This last promotion was particularly special for me; perhaps not for the obvious reasons. Yes, achieving the rank of 4th Dan is becoming an “International-level” Instructor. Mastering all the techniques, forms, and one-steps, are some of the requirements of this test. These are in place so that our students can be taught properly. I expected that drawing on 35 years of Tae Kwon Do training would help me prepare for this advancement. What I didn’t expect, however; was that I needed to start from scratch for this test. Back to a white belt? No, due to age-related hip issues, I needed to learn how to walk again! Fortunately, hip replacement surgery is quite routine these days. Walking comes back fairly quickly, albeit with crutches; stairs a bit later. Kicks? no way; I couldn’t even try one until six months after surgery. After appropriate rehab and time, however; I did start to re-master some other everyday activities. Biking, running and tennis were possible again. Finally, it was time to get back to Tae Kwon Do: front kicks; not too bad; roundhouse kicks and side-kicks; no way; too much pain and tightness. Forget about any turning kicks. I was truly a white- belt again; pretty far from the 4th Dan test. Strangely enough, starting over in Tae Kwon Do was sort of appealing to me. It was a selfish thought; it was a break from being a role model and instructor. Instead, it was an opportunity to focus on myself. After six more months of training, with significant help of teachers and friends, I was able to kick somewhat again. Not like before, but I was okay with that. As I have aged, I already learned that I needed to make modifications and concessions (from when I was 25) to protect myself from injuries. Again, with lots of hard work and significant help from teachers and friends, I finally was able to test for 4th Dan…successfully! Overall, my journey felt like it was one and a half-steps back, two-steps forward. No matter what the pathway was, it’s not something I could have made without the help of others. In fact, that’s the case for any promotion. You need the guidance and support of teachers and friends. Now that I’ve re-experienced this trip from white to black belt and beyond, I’m pretty excited about being in the position again to help others move along their pathway in Tae Kwon Do; mostly forward I hope.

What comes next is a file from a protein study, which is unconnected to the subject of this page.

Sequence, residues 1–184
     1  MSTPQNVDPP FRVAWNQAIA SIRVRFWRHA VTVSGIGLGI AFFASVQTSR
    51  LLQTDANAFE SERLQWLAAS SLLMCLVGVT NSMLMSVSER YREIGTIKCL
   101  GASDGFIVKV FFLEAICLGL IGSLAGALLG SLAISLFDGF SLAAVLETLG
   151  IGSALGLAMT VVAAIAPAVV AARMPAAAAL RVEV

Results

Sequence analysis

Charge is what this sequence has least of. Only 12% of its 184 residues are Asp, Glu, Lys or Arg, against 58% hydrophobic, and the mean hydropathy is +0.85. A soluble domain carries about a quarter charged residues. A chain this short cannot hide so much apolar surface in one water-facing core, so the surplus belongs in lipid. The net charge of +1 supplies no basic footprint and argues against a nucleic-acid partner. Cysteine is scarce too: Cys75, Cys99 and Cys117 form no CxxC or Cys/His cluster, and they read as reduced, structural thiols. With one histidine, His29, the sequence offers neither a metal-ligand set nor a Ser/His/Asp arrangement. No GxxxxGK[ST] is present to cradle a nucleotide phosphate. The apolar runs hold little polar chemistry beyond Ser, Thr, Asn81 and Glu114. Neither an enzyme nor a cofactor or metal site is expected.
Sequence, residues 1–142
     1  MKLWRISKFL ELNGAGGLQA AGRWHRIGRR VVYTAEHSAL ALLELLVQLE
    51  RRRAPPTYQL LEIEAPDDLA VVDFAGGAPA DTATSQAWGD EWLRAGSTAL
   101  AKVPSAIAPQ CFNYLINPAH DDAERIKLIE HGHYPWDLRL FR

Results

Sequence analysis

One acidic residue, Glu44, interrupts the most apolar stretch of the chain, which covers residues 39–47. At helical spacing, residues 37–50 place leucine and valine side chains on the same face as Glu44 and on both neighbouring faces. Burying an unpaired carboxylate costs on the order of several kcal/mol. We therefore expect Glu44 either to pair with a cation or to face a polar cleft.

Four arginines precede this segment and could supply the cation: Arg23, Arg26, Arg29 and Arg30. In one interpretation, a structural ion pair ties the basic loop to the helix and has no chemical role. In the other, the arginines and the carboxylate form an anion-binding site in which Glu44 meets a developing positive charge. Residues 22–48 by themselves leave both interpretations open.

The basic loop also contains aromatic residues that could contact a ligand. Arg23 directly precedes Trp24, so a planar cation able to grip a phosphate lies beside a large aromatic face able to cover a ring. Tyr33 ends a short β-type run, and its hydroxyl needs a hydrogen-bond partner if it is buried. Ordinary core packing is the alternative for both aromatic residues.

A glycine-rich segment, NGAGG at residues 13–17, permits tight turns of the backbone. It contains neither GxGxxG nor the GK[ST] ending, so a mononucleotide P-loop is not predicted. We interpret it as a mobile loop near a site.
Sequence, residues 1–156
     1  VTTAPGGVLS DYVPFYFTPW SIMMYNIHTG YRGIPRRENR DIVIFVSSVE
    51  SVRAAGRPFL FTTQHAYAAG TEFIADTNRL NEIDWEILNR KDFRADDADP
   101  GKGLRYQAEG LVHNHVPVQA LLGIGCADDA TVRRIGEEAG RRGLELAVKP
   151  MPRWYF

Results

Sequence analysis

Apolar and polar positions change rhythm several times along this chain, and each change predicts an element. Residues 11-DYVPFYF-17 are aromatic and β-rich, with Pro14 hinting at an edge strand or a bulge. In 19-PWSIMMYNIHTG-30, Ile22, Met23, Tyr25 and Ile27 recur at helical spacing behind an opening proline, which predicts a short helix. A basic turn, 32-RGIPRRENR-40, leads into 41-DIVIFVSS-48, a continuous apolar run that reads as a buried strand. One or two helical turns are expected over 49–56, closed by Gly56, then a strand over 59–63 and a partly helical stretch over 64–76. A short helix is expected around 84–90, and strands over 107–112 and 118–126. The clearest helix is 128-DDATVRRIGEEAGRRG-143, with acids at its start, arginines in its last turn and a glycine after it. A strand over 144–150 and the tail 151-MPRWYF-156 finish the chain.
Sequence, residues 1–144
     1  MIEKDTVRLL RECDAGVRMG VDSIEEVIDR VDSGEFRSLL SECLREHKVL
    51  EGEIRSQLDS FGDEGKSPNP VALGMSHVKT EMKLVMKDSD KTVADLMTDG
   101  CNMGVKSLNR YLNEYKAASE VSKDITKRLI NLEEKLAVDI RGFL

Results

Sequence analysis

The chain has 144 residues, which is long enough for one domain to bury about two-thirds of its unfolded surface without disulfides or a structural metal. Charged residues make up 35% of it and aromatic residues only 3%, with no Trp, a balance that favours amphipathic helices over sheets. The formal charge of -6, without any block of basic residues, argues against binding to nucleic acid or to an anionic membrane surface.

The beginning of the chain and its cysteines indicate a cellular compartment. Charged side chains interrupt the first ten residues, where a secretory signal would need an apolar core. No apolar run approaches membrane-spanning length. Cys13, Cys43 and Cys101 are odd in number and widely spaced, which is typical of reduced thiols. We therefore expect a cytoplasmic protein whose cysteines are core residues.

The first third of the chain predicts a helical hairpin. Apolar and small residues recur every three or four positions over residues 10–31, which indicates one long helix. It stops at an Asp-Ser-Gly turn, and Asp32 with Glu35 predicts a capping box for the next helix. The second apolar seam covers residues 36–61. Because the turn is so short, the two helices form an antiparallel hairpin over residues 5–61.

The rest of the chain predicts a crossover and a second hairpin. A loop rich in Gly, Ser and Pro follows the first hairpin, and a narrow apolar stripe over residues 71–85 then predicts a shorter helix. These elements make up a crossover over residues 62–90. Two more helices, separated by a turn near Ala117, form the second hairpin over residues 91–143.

Ilya Bruklich 4th Dan
After a while, testing for another rank, to somebody who likes martial arts, takes on a different meaning. It is nice, of course, to be, to some degree, acknowledged. It is very much appreciated to be told by Mr. Kim that you deserve it. But there is no more flashiness to it ( if there ever was), no need to prove anything to anybody – it is life taking its course, and you do what you love, and if you do it long enough and put your heart in to it – promotion tests do happen once in a while. And you take the opportunity, if offered. This one wasn’t easy, especially the research part of it, but, with the help of people around me, I survived. I’d like to thank everybody who consciously helped me, and everybody I made a subject of a study – thank you. Now, back to work.